Healthy eating school pupils in Glasgow are to be rewarded with iPods and Xbox consoles for ditching junk food.
Health-conscious pupils can save up points for an iPod
Glasgow City Council is offering the electronic incentives to about 30,000 children in 29 secondary schools.
The pupils are given swipecards and can claim various prizes depending on the number of points they gain for eating "sensibly" on school premises.
A council spokeswoman said youngsters "wouldn't turn up their noses at winning an iPod for eating nice food".
They can redeem their points for a selection of goods - from cinema tickets and book tokens to top-of-the-range iPods and Xbox games consoles - at the end of the term.
The council spokeswoman said the scheme, which involves pupils signing up on a voluntary basis, encouraged them to stay within school boundaries at breaks and lunchtimes.
"It means there will be less temptation to go to the chip shop or McDonald's," she said.
HEALTHY EATING REWARD CARD
iPod - 4,000 points
Xbox - 3,000 points
£10 Amazon voucher - 1,500 points
Pair of cinema tickets - 850 points
Pasta, salad tub, green salad, breakfast cereal - 15 points
"There are a variety of healthy choices on the menu and most pupils wouldn't turn up their noses at winning an iPod for eating nice food."
It would take 100 meals worth 40 points to reach the 4,000 points required for an iPod.
"The most popular thing on the menu is a Vital Mix, which includes soup, a filled pitta, yoghurt and healthy drink like milk, so it's not a case of just lettuce leaves and water," the spokeswoman went on.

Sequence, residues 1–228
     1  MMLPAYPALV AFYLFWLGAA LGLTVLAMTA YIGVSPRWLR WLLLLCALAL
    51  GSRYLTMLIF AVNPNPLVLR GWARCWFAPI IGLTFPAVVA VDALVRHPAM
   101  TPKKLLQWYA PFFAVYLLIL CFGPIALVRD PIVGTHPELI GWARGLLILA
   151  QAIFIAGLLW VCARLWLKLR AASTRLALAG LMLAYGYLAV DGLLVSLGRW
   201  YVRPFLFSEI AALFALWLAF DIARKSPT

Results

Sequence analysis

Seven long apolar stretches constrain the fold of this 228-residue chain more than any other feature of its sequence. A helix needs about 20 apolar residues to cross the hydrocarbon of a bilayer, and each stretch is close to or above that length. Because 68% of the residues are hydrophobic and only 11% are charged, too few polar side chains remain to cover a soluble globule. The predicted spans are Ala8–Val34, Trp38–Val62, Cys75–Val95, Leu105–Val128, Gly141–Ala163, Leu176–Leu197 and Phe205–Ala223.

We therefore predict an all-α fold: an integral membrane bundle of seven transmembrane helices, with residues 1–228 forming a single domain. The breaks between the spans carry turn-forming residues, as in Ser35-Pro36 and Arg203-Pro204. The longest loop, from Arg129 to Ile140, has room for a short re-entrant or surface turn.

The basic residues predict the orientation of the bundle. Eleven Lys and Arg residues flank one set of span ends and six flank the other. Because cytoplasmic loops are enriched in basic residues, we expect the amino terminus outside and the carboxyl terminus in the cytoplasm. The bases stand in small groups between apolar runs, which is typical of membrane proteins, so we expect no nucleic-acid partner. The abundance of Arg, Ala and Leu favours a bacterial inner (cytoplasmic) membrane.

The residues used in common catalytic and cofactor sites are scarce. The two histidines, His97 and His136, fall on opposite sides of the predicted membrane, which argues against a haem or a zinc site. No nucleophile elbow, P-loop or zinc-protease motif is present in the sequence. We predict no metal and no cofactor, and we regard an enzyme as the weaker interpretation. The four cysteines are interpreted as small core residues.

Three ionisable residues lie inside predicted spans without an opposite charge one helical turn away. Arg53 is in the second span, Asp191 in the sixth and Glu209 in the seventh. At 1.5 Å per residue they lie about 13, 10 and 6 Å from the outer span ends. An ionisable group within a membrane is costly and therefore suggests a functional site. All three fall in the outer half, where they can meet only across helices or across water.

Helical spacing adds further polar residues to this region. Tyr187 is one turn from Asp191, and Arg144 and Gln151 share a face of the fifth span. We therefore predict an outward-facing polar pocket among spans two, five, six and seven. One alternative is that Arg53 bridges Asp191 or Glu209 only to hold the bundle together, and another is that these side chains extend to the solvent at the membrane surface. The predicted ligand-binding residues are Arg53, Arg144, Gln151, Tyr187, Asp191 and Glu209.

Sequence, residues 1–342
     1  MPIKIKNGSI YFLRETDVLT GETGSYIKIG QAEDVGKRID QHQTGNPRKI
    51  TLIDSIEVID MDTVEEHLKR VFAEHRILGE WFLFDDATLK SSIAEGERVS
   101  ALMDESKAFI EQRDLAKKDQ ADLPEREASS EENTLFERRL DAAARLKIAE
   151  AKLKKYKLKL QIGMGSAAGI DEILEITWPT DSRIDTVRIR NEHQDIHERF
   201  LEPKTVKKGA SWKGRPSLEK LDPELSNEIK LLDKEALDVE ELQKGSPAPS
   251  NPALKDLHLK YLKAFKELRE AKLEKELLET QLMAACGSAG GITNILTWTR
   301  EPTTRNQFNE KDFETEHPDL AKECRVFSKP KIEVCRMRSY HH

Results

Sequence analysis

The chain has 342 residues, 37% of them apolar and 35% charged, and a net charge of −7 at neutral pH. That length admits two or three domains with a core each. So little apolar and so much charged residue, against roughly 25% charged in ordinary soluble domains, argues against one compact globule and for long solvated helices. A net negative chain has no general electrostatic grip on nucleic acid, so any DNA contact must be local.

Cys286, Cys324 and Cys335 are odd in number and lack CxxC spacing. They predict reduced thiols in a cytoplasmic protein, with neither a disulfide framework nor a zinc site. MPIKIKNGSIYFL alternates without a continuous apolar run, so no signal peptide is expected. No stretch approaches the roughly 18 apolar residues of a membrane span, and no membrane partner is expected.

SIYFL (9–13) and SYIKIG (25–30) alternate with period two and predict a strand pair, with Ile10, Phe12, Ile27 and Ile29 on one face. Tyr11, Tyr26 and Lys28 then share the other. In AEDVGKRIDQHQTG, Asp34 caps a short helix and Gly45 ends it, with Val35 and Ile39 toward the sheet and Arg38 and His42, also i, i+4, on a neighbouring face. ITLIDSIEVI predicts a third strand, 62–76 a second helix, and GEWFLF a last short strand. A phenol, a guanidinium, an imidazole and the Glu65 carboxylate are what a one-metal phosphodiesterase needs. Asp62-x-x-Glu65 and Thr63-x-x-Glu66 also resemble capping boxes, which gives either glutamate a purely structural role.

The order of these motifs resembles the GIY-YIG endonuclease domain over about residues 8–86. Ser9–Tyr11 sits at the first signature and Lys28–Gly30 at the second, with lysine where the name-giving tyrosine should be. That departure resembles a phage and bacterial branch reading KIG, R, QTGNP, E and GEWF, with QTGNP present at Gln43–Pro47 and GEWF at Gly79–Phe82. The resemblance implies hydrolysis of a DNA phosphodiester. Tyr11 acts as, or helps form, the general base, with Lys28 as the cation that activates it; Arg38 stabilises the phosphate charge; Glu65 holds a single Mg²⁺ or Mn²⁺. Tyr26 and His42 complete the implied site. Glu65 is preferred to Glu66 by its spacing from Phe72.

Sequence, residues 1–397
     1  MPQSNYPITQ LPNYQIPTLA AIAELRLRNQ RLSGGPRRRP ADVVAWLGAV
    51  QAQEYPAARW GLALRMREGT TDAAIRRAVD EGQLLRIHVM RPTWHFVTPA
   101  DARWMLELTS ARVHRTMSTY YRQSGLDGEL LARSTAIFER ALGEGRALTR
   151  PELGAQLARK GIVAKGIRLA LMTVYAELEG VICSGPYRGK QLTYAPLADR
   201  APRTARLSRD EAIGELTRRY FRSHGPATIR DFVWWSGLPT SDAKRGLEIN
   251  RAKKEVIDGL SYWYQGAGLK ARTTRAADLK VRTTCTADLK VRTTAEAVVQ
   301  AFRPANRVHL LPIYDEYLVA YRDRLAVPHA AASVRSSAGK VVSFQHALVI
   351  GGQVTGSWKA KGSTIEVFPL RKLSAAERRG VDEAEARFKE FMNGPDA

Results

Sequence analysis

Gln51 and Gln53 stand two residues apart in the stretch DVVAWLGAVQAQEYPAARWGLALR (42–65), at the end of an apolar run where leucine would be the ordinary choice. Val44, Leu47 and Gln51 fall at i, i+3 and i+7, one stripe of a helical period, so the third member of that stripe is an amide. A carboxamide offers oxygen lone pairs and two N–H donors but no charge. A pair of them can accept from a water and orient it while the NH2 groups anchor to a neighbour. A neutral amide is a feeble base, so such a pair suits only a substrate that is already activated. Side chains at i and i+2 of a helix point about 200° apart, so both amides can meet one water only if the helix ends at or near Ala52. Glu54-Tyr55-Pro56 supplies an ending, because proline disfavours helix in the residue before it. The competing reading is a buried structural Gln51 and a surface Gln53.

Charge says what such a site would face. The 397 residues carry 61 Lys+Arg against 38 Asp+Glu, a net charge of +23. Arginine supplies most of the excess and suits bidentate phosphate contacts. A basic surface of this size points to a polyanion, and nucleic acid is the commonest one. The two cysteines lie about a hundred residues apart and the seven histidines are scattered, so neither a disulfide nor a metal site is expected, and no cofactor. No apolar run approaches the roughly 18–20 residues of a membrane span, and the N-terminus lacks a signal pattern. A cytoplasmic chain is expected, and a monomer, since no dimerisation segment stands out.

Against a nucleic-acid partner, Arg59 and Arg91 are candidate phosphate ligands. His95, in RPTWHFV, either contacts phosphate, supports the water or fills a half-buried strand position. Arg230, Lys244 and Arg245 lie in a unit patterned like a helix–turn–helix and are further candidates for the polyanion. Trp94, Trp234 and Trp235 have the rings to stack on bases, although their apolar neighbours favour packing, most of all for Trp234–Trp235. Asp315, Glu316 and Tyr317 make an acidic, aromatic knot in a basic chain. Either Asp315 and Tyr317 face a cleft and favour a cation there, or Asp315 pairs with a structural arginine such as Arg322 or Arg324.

"The reward for the Vital Mix, which costs £1.15, is 40 points, so it would take just 100 of these to get an iPod.
Pupils are being rewarded with Xbox consoles
"The swipecard has the pupil's photo on it and the dinner ladies who swipe them obviously know who is who."
The scheme was piloted in three schools in Glasgow at the beginning of last year and is now operating in all of the city's secondary schools.
It will cost the council £40,000 a year - but the local authority said it was a small price to pay if it encouraged children to eat better food which would have a lasting effect on their health.
Steven Purcell, the council's education convener and chairman of the health and diet working group, said he hoped children would be drawn to the scheme.
"We would prefer to incentify the scheme rather than be seen as people who ban things," he said.
"I think we have to recognise that with all the advertising that goes on in schools the habits from early in life around young people the challenge is actually quite hard for us."
And he added: "We have an appalling health record in Glasgow and we need to try anything that will turn that around and make a lasting difference."